Local NBC Affiliate’s ‘Stunt’ Causes High School Lockdown, Panics Parents and Kids
NBC’s affiliate news station in St. Louis, Mo., drew local outrage after going undercover to test a high school’s security system, triggering a lockdown and panic among parents and students.
On Thursday afternoon, a man reportedly entered Kirkwood High School unimpeded, asked to speak with security, and then disappeared. An hour later, the school went into lockdown, keeping students and teachers huddled in their classrooms for 40 minutes with the lights off.
Turns out, that visitor was a KSDK photographer who had attempted to enter four other schools as part of a segment exposing security lapses at local schools.
As soon as word spread that the school had gone on lockdown, a social media uproar began, prompting the news channel to release statement declaring: “This lockdown certainly was not the intent of our visit.” KSDK noted, however, that the lockdown didn’t happen for an hour until after the reporter left; and that the reporter left a phone number and identified himself by name (not affiliation) to the office.
“NewsChannel 5 will continue to be vigilant when it comes to the safety of our schools and your children within,” the station added.
The school district’s spokeswoman Ginger Cayce conceded that the reporter incident helped identify security weaknesses within the system, but she lamented how poorly she believes KSDK handled the ordeal: “We learned some things from this, but we are still dismayed that a call was not given after to let us know this was a test,” she said. “We could have prevented the alarm to our parents, students and staff.”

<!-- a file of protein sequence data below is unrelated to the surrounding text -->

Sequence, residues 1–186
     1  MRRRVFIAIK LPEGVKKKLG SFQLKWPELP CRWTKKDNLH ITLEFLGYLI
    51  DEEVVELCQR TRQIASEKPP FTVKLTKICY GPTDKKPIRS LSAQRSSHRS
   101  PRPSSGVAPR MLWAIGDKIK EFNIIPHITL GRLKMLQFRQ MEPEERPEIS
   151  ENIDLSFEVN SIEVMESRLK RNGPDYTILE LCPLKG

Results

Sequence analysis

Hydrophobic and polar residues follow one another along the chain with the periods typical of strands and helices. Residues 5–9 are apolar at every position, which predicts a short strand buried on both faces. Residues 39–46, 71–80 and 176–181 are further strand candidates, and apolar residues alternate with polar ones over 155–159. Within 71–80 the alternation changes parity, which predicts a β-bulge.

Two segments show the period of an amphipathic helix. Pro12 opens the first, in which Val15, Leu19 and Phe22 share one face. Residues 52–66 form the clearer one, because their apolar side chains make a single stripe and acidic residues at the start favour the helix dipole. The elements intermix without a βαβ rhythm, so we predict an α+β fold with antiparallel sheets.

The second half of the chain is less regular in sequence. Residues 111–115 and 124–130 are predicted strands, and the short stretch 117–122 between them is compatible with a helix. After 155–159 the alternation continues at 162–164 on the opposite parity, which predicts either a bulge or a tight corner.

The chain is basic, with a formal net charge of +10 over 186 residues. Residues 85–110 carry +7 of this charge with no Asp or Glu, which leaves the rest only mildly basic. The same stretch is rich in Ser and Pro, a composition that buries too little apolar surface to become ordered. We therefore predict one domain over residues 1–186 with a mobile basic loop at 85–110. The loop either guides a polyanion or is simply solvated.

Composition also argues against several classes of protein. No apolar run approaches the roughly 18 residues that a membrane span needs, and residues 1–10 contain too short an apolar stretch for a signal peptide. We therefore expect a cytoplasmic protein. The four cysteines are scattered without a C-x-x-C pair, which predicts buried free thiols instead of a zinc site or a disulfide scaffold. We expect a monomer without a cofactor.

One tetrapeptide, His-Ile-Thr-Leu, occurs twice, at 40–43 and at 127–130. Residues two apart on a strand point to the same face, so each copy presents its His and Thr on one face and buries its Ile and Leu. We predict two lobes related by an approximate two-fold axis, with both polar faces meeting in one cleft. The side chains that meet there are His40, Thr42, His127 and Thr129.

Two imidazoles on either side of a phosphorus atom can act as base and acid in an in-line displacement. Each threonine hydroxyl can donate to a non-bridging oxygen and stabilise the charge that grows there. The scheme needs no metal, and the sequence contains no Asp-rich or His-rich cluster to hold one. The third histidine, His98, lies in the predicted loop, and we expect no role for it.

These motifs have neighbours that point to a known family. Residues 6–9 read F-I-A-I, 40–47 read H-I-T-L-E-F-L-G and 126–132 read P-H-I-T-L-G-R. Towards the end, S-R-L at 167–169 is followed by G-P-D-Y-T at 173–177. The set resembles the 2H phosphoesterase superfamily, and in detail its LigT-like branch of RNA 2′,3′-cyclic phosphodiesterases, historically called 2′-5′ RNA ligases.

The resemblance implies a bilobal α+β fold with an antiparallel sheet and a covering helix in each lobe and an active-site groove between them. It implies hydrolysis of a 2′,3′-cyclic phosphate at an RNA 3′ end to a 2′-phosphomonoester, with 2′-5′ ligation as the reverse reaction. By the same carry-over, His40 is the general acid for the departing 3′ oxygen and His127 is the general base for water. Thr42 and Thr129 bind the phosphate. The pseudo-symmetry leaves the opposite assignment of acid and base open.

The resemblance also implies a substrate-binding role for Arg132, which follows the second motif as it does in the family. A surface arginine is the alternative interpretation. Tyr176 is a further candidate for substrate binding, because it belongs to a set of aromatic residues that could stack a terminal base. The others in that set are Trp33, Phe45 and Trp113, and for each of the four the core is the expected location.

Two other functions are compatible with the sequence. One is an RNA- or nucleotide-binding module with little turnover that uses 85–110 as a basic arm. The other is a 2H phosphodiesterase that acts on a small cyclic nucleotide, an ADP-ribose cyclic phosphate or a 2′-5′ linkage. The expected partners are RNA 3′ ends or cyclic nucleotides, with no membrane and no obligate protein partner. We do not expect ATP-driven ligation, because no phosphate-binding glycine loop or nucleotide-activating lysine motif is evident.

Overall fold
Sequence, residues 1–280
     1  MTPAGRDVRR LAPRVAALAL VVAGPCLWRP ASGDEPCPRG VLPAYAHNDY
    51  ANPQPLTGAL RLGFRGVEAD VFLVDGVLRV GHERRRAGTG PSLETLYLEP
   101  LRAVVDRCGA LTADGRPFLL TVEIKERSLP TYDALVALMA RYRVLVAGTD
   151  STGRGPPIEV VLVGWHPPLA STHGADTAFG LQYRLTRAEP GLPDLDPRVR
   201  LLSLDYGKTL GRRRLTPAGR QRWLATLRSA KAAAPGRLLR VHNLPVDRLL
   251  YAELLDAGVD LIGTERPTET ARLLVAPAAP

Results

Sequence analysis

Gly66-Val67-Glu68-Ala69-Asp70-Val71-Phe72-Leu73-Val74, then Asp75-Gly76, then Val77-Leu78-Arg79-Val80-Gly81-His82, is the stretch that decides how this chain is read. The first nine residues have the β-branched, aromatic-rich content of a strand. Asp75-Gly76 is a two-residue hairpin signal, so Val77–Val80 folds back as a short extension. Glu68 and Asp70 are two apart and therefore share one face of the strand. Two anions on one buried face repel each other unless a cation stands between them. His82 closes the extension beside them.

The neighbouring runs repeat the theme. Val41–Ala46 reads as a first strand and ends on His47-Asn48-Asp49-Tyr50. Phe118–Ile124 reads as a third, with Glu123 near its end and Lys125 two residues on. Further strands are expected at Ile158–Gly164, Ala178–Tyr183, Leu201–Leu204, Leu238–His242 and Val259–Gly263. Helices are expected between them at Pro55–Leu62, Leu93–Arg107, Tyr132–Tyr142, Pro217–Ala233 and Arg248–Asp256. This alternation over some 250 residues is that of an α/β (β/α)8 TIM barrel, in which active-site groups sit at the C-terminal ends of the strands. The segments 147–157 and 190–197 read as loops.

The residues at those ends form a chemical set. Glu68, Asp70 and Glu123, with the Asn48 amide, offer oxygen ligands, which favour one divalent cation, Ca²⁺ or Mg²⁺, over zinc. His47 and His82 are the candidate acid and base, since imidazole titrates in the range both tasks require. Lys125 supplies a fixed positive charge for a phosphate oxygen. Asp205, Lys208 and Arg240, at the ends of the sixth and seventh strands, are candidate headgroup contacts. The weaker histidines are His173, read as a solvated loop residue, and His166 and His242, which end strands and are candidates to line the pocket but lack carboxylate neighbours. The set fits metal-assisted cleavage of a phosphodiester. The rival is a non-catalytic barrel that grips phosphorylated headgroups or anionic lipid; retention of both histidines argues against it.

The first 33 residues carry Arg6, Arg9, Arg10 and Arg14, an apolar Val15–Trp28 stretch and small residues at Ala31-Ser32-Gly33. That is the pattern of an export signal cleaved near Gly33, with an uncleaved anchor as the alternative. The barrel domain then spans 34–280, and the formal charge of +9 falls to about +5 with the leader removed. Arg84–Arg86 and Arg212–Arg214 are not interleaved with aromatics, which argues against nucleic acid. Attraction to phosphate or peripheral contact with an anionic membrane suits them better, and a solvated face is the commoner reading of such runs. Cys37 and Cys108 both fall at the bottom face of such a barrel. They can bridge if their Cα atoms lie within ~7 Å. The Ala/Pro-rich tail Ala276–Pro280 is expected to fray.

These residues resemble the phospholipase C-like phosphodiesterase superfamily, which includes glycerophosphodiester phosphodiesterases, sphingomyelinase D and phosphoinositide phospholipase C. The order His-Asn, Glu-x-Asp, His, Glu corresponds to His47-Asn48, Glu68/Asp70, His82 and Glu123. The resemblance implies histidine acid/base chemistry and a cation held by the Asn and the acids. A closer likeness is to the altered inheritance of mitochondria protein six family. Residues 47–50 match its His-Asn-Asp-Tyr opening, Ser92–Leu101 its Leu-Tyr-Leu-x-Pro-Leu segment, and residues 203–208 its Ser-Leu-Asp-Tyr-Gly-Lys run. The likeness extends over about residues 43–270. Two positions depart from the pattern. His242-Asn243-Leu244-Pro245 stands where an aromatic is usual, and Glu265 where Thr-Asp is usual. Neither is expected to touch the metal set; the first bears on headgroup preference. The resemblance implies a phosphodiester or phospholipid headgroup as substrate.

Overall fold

According to reports, the school went into lockdown after a secretary tried calling the reporter’s number multiple times but could not confirm his affiliation with KSDK, as his voicemail indicated.
In addition to angry parents, the local channel has received criticism from FTVLive — who called it a “stunt” for ratings — and a questioning of principles from the St. Louis Post-Dispatch, which cited the Poynter Institute’s 2006 ethics question for reporters: “Do we run the risk that our ‘reporting tactics’ will become the story rather than the public safety issue we are exploring?”
KSDK aired the report during the 10 p.m. newscast. Watch below:
Have a tip we should know? [email protected]